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Lethbridge Herald Newspaper Archives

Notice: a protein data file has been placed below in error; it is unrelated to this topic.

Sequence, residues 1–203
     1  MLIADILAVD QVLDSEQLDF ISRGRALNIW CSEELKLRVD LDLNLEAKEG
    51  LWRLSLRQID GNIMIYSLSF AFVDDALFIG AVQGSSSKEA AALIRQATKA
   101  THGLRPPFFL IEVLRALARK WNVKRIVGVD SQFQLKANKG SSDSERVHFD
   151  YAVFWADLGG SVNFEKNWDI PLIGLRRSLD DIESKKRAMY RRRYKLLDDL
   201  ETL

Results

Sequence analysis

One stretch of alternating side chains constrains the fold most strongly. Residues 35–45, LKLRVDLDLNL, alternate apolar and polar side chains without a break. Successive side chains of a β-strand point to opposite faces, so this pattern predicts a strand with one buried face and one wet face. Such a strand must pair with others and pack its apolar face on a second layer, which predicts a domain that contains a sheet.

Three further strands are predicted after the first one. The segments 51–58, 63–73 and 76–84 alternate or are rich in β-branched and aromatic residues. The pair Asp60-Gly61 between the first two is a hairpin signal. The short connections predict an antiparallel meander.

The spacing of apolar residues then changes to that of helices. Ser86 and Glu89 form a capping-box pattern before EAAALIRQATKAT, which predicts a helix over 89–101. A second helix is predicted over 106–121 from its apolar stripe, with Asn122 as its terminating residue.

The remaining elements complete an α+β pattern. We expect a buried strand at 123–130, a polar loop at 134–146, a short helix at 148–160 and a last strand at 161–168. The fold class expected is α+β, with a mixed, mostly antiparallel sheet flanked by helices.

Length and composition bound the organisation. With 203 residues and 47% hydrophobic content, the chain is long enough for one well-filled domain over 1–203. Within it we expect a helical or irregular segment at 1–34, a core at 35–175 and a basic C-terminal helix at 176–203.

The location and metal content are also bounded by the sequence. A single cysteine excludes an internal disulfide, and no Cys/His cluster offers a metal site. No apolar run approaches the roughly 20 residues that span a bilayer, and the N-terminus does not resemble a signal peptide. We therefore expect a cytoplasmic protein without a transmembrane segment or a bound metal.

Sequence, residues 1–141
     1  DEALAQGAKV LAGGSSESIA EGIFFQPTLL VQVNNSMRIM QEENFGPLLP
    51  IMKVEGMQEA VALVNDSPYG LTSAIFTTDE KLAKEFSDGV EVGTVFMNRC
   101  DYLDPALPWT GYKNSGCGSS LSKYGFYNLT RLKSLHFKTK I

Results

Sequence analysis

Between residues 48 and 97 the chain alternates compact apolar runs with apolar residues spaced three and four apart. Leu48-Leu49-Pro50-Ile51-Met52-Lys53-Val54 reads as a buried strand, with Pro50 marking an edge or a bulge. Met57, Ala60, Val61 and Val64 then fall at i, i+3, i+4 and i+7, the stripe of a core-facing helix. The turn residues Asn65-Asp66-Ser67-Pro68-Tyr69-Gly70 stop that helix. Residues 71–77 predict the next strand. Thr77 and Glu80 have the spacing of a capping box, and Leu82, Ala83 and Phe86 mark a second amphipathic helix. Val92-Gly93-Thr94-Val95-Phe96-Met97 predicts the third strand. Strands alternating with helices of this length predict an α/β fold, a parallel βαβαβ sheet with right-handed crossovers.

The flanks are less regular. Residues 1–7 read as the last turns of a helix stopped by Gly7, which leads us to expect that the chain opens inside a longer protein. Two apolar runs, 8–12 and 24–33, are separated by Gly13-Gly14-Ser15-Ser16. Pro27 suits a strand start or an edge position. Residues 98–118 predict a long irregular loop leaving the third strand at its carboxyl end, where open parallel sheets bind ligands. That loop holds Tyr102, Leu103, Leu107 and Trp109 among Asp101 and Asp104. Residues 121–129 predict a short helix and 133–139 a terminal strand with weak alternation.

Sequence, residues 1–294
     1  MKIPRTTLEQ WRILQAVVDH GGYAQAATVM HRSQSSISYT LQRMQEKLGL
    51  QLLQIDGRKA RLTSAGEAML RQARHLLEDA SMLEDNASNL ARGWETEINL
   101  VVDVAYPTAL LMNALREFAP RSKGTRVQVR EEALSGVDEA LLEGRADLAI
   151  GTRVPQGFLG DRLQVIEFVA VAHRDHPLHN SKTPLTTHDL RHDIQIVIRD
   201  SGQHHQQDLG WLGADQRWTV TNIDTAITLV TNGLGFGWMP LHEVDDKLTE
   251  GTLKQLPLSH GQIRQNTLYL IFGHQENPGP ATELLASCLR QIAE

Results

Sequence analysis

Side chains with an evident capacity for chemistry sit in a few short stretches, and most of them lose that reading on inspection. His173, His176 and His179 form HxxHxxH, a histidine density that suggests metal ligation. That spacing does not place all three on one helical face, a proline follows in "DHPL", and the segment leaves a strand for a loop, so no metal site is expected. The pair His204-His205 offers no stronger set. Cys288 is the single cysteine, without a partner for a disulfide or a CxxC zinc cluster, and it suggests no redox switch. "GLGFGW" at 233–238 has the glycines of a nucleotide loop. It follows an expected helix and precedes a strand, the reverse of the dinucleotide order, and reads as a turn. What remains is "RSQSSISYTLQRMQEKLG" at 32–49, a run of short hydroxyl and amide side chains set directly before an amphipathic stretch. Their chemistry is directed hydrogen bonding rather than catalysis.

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Lethbridge Herald, The (Newspaper) - April 14, 1973, Lethbridge, Alberta Coal-use proposal received cautiously Lethbridge city officials re- acted cautiously today to an Alberta Energy Resources Con- servation Board recommenda- tion that coal be used for ther- mal power plants to meet future electrical energy needs. City manager Tsm Nutting Baid the cost of converting the existing Lethbridge plant would be "very, very high" if such a move is needed. Mr. Nutting said he expects to study the local affect of the board's recommendation after he has received complete de- tails on us study. Erdos, Lethbridge utili- ties director, said coal still "has an cage on economy over gas" but heal conversion costs vill depend, a large extent, on the availability of coal in this area. The board, in a report re- leased without comment from the provincial government, said ooal probably will provide addi- tional electrical energy at lower cost than gas during the next 30 years. During the 1972-2001 period AlBerta's requirements for elec- tric energy will grow by eight per cent to more than gigawatt hours from gig- awatt hours, the board said. "The total 30-year require- ments will be 1.6 million giga- watt hours." The board said the Alberta government's announced policy to increase the price of natural gas at the wellhead, including a rebate system for provincial users, will influence future Al- berta gas requirements in those industries "where the cost of gas is relatively important." "Although most of the prov- ince's electric energy require- ments will be generated at therms! plants, additional hydro capacity wi'l become at- tractive for development dur- ing the latter half of the fore- cast period "Most of the electric energy generated from thermal plants will be derived from coal and gas with coal being the pre- ferred fuel because of the like- lihood of lower energy costs and greater over-ail benefits to the province." The board said the use of coal in generation will also piovide an opportunity to de- velop the sub-iwUiminous coal industry "without detract- ing from the continued devel- opment of the gas industry." The board recommended that the cabinet adopt as policy the use of coal rather than gas the energy resource for future thermal power plants. The Lethbrtdge Herald VOL. LXVI No. 106 LETHBRIDGE, ALBERTA, SATURDAY, APRIL 14, 1973 PRICE: 15 CENTS FIVE SECTIONS 76 PAGES RISK LIM1TED-LOUGHEED Tory gas price stand legal' Canada, backs infiltration claim by V.S. ASSOCIATED PRESS SAIGON Canada's peacekeeping contingent has backed up the United States and charged North Viet- nam with sending troops into the South in violation of the ceasefire "We strong reason to believe that non- South Vietnamese troops are stationed, or are infil- trating, South Vietnam for the purpose of supporting one of the two parties in South said Michel Gauvm, head cf Canada's delegation to the Inter- national Commission of Control and Supervision While Gauvm did not mention North "Vietnam by name, officials said he clearly was referring to Hanoi. He spoke at a meeting of the four-nation peacekeeping force Friday. It was the first time Canada had made such a charge. The United States charged previously that Hanoi has sent troops and armor into South Vietnam since the ceasefire went into effect Jan 28. Meanwhile, Indonesian Defence Minister Maraden Panggabean said Indonesia may withdraw as a cease- fire observer "if the situation in South Vietnam gets worse and our troops become victims of the conflict." Canada also has indicated it might withdraw from its peacekeeping role. Hungary and Poland are the other members of the peac'e force The Viet Cong, meanwhile, warned Scuth Vietnam against a military intervention in neighboring Cam- bodia There has been increasing speculation in Saigon that President Nguyen Van Thieu may send his troops across the border to assist the hard-pressed Cambodian government forces. Meanwhile a helicopter shot down in Vietnam last Saturday, Killing a Canadian ceasefire observer, may have been off course, External Affairs Minister Mitch- ell Sharp has indicated. He told the Commons he has yet to receive an official report but there is reason to believe that press accounts, which sav the helicopter strayed more than 15 miles off its flight path, are broadly accurate A companion helicopter had been fired on and landed two miles away. News reports since have quoted the head of an ICCS investigation team as saying the aircraft went down almost exactly where the Viet Gongs said it a patch of jungle more than 15 miles from, the flight corridor where safe passage has been guar- anteed. A new road, unmarked on ICCS maps, is believed to have confused the helicopter pilots and led them off course, the reports said. Even if the aircraft were off course. Mr. Sharp ?aid Monday, "the penalty for losing one's way in the cause of peace should not be wath at the hands of one cC the signatories of the Paris peace Two-year-old Aaron Tay- lor re-enacts his attempt to eat the income tax refund cheque of his parents, Mr. and Mrs. Richard t. Taylor of Nitro, West Virginia, Fri- day. There was enough left that a bank still honored the cheque, but its enough of a reason why they carry a notice that they should be cashed immediately. EDMONTON (CP) Alberta has a "sound constitutional po- sition" in demanding higher prices for natural gas and in stating that no additional gas will leave the province until the price is raised, Premier Peter Lougheed said Friday. The province's constitutional authority stems not just from its jurisdiction in the area of such resources, but from its ac- tual ownership of the gas re- serves, he told the legislature "There may be some citizens within this province who have timid views with regard to these actions, but we feel very strongly that it is important for us to take the position, even though some challenge may oc- cur as a result of the action, and the resultant effect upon other parts of Canada." The Ontario government has opposed the Alberta plan to raise gas prices and has had experts examining the con- stitutionality of the move. The premier told Grant Notley, New Democratic Party Snow checks shoiv streams to be low Southwestern Alberta streams will be unusually low this summer, accordng to the annual spring snow checks con- ducted by Canadian govern- ment water authorities. Based on observations made UD to early this month, the Water Survey of Canada office at Calgary has issued three forecasts for run-off from Apnl to October. The outlook, based on sncw survey data, 57 per cent of normal for the Oldman at Leth- bridge. and 81 per for the St Mary River at the US. border Based on mountain storage gauge data, the figures are 56 and 76 per cent respectively And based on winter precipi- tation recorded at climatc'ogi- cal stations, the figures are 57 and 89 per cent. Figures far below normal are also seen for the Bow, Red Deer and South Saskatchewan rivers. The snow surveys haxe been taken for veight to 10 years in southwestern Alberta. Following are water content figures in inches, as of approxi- mately April 1. with the long- term average in brackets: West Castle (open) 8.7 (15.91 West Castle (bush) 14.0 (21.4) A'feon Pass 17.4 (21) Blue Lake 70 (14) Middle Drywood 0 (23) Wilkinson Summit (open) 57 (87) Wilkinson Summit (bush) 7.5 (9 6) All of the above are on the Oldman River basin. Hudson Bay Divide, in the St. Mary basin, had 111 inches of water equivalent, compared with a normal of 19.5. Cominuiiists closing in Oil Capital Mental health leader, that Alberta also has ob- tained expert advice on the con- stitutionality of the matter. The experts were virtually unanimous in their opinion, he said. "The constitutional posi- tion that we have taken can al- ways be challenged, but in our view, we are on a sound con- stitutional position with regard to the action proposed Mr. Lougheed noted that own- ership of gas reserves was transferred to the provinces from the federal government in 1930. Private industry drills the gas wells ana processes and dis- tributes the gas, but the depos- its are owned by the province. Mr. Lougheed suggested that Ontario's complaint that its residents would not be able to afford an increase in gas prices appears to be irrelevant. Ontario had complained that Albe'-ta's proposed 15-per-cent increase in wellhead prices would mean an additional a year for residential consumers, he said. But Thursday night, the On- tario Budget included a seven- per-cent sales tax on Alberta Gas which will mean an addi- tional a year to residents, the premier said. "Hence, I think with that one step we have seen pretty clearly that our proposals with regard to gas are not going to have an adverse impact upon the residential consumer in the province of Ontario. The premier said Alberta has three can con- tinue selling gas for what it be- lieves to be less than fair value, it can stop selling it. or it can press for higher prices. There was strong support among Albertans for the prov- ince's position that "no further gas will be removed from the province unless we get value for it" "And we are prepared to take think it is risk is involved and we're determined to press on with our action." CROWN WON'T APPEAL The Crown has decided not to appeal the acquittal last month of David William Threinen of a charge of non- capital murder. Defence counsel Vaughan Hembroff said Friday he has been advised by the agent of the attorney-general in Lethbridge that thers would be no appeal Mr. Threinen had been charged in the June 27, 1972, death of 16-year-old Angela Huemer. He was acquitted March 8 after a trial in Al- berta Supreme Court in the city. About 20 hours after he was cleared of the charge, Mr. Threinen was arrested and informed that his parole, arising from another charge, was being suspended, pend- ing a review of his case by the federal parole service. A final decision from the parole service has not yet been reached. Rural no-toll areas enlarged EDMONTON (CP) The government will spend mil- lion to eliminate long-distance telephone charges between many adjrcent rural areas, Tele- phones Minister Roy Farran announced Friday. Under the program, residents of many rural areas will be able to telephone within about a 30-mile radius without pay- ing long-distance charges. Rural residents now general- ly pay toll charges when call- ing other exchanges, regard- less of the distance the call travels. Mr. Farran told the legisla- ture the extended area service program, now being resumed, was abandoned by the form- er Social Credit government in 19S9 "for financial considera- The new program will also aim at establishing a flat rate for fringe areas around Ed- monton and Calgary. In addi- tion, the government Intends to complete a program of re- placing overhead telephone wires in rural areas with bur- ied cables. The first phase of the pro- gram, involving 187 routes or 374 linked areas, is estimated to cost million and in- volve an increased annual cost of S3.7 million. Some areas will be later than others in joaning the system "due to the obvious desira- bility and cost savings result- ing from simultaneous conver- sion to direct distance dialing as planned." The program is designed to allow less costly and more convenient calling between a rural area and neighbor- hood market area. Mr. Faran said the program will probably encourage larg- er volume of calls and mora equipment will be added to the linked exchanges. "Big vengeance" threatened for killing of guerrillas Inside Classified 24-27, 29 Comics........21 Comment 4, 3 District......3. S Fami3y 16-25 _____ Local News 15. 16 (__ Markets 22. 23 Sports 32. 13 1fhinlt we're getting i VC have agreed to boycott" Weather....... 2 LOW TONIGHT HIGH SUNDAY 43; M SUNNY Sikkim peaceful again New York Times Service NEW DELHI Sikkinu the Indian protectorate in the Him- alayas, returned to peace Fri- day as abruptly as it plunged into a state of strife two weeks ago. Reports reaching New Delhi sasd the chdlgyal. or niter, of djn, PaldeTi Thwndup Xam- J. emerged from a week of isolation in TIT; cold- jialace armcnjnce a' s nrws conference thai he had reached a settlement, vrith the Indian government The setUemeirt in- volves a drastic change of pol- itical states for his tiny king- dom to meet with the demands of his PHNOM PENH (Reuterl About 40 Communist battalions of 300 men each are closing in on this Cambodian capital." al- readv in the grip of a worsening supply crisis. Jfilitary sources said the bat- talions, mostly Cambodian Communist with a few hardened North Vietnamese and Viet Cong sappers, have al- ready massed in the military region wire11 surrounds the city. The sou- said some of them have set up rocket sites range of capital. Government defenders area also on the alert for a sapper attack during the current new year hoUday. The concentration of 12.000 Communist troops within one day's journey from here is the greatest ever seen since the war broke out three years apo They almost equal in numer- ical strength Use government forces protecting the citv. Holidays and the period just before and after are tradition- ally the moment for the Com- munists to mount a psy- chological blow against Phnom Penh. ond nociro About town officer queried Herald Legislature Bureau EDMONTON Health Min- ister Neil Crawford told the legislature Friday he'll check into why a mental health co- ordinator hasn't yet been ap- pointed for the Lethbridge re- gion. John Anderson (SC Leth- bridge East) asked whet pro- gress had been made in the matter since co-ordinators have been appointed in many of the other six regions in the prov- ince. New York Times Service BEIRUT Yasir Arafat, the Palestinian guerrilla, was quot- ed by two Lebanese newspap- ers Friday as threatening "big for alleged collab- oration by the United States with Israel in the killing of three Palestinian leaders by Israeli commandos here this vieek. Arafat, reportedly claimed that a station wagon with dip- lomatic license plates belong- ing to the US. embassy was parked at a gasoline station near the homes where the Pal- estinians were killed. The same vehicle was later seen transporting four persons, one of whom had "a broken left shoulder.'' Arafat report- edly said. Also that some of the arms used by the Israeli raiders, which were found here, had been manufactured in the United States. The stories included an ac- cusation by Arafat that a form- er U.S. ambassador to Leban- on, Armin Meyer, who is now with the state department in Washington, was recently ap- pointed head of a US. intelli- gence team to "co-ordinate w i t h Israeli intelligence against Palestinian guerril- las" This morning, two huge oil tanks were blown up and set ablaze at a US-owned refin- ery and a Maoist group claimed responsibility and to keep up the at- tacks. Officials said the two tanks were not full when the fire, broke out and contained a to- tal of 30.000 barrels. Their capacity was 100.000 barrels each. The Lebanese government said 18 of the 23 tanks at the refinery had been wired but army demolition teams were able to disarm the other 16 charges. The refinery is owned by Mo- bil Oil and Caltex, and the two tanks blown up belonged to the Mediterranean Refinery Co. and t o Trans-Arabian Pipeline Tapline said it tem- porarily had halted pumping and loading operations. Meanwhile at the UN. Foreign Minister Mobamed Hassan El-Zayyat of Egypt was organizing a stepped-up United Nations offensive against Israel and the United States today over the Israeli raid into Leba- non. The Security Council had scheduled another session on the Middle East today but post- poned it until Monday, appar- ently to allow him time to con- fer with Lebanese and other delegates. Zayyat arrived Fri- day night. Old trees threatened? Beaver 'murders protested brought li to of an- archy. t IBCHAL Boras aloud w5iy he finds hiin-elf agreeing with mwe aTvi more legislation. approved by the Pder Long- heed government Ches- ter Mool. offering 10 hold buna! services for n f c I. J o b i o tA plant, clairrun i1 the TwAing plant west of Winni- peg. Herald Legislature Bureau EDMONTON Opposition MLAs Friday criticized the government for the of beavers at Indian Battle Park in Lethbridge this week. Hjwever, Lands and Forests Muuster Allan Warrack de- fended the action saying the beavers threatened valuable old trees and could not be captured alive because Ihey had to be Itpl in deep water away from 1'Y puMjc and wmiM drowned Grucnwald Wpsll said "I csn'1 bc- 1 an thk technological ace beavers cant be removed alive Diaries Drain Pancber said "I'm hen 1hc trildlifc jv> Ihc facilities for 3nc trapping that they used brutal slaughter instead." Art Dbton Jfil- licanJ said he'd received a tele- phone call from a constitu- ent in CaJgary who'd heard aixwtf Ihc killing of beavers in LrthbrKige and was angry. Dr. Warrack objected to Ihc term "slaughter" saying t h e beavers had been " "Murdered" shouted an oppo- sjlion MR A. Dr. Warrack 'oV! Ihc IrciOa- lure Ins department Iwn t abandwrcd the practise of trap- ping animals alive, hut thai SK headers wenc killed in Ldh- bridgc after other ajlematnes were considered. Because the animals had to in the water awav from 1h" public. 1Vj wo ild have drowned if wildlife officers had used leg traps or tranquilirers, be said. Acting en a request from the City of LeJhbridge, the beavers were killed with quick-kill corn- bear traps, he said. "They had been culling down some of the few trees that are an that part of Alberta these arc lives thai arc in the order of 70 to 90 years of age said Dr. Warrack. Mr Drain what r-tncd to 1be pells wwih alxiut S40 each and the meat which is "an epociirian? delight Speaker bal happened lo ;